The New York Times Company is to axe 500 staff as a result of falling circulations and a slump in ad revenues as more readers turn to the Internet for news.
Flagship titles The New York Times and the Boston Globe are expected to lose 45 and 35 staff from editorial departments respectively.
Bill Keller, executive editor of The New York Times, said he hoped most of the cuts would arise from volundary redundancies or scaling back temporary staff.
He also assured readers the lay-offs would not affect the quality of the paper's journalism.
Around 200 jobs are also to be cut from The New York Times Company's regional newspapers and corporate departments.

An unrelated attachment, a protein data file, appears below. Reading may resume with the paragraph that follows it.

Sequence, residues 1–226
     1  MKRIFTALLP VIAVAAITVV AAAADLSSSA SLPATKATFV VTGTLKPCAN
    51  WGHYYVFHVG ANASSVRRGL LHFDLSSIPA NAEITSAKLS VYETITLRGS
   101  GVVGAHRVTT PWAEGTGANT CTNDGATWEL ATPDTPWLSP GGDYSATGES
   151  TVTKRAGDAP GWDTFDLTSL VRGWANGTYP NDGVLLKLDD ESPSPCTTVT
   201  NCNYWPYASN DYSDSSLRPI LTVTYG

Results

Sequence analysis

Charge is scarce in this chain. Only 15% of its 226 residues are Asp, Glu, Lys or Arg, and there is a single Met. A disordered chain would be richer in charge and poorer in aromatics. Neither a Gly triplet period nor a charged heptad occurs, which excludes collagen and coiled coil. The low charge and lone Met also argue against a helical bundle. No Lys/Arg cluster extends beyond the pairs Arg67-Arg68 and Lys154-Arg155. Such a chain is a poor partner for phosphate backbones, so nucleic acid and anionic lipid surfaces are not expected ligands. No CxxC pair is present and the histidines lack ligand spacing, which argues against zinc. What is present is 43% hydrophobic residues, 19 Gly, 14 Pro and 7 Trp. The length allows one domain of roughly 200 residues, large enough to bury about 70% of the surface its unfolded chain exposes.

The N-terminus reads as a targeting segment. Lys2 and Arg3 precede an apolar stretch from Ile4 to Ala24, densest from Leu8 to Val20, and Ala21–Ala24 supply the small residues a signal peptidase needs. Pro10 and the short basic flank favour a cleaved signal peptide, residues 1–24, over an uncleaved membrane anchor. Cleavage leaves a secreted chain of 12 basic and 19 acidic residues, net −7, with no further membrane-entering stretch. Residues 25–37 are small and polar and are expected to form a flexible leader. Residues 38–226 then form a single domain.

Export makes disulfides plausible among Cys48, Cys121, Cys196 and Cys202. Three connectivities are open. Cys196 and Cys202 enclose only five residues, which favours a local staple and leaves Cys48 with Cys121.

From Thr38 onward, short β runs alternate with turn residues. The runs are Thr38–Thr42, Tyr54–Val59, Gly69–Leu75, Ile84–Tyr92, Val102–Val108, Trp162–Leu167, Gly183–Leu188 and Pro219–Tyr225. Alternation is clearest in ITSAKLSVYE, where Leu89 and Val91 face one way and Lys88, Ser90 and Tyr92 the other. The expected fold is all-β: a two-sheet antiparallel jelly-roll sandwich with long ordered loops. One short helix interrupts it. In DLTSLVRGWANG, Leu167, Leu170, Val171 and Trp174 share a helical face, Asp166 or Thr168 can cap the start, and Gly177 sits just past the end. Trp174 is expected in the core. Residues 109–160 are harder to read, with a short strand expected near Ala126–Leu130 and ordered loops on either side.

The publisher blames the increasing number of readers, especially young readers, using Internet news sources as a reason for the fall and cuts.
The New York Times said its third-quarter earnings would be lower than expected because of weak ad revenue and higher-than-expected costs from the earlier 200 job cuts in May.
The New York Times chairman Arthur Sulzberger said: "We regret that we will see many of our colleagues leave the company. It is a painful process for all of us."
The New York Times Company also owns the International Herald Tribune, Worcester Telegram & Gazette, and NYTimes.com and Boston.com.
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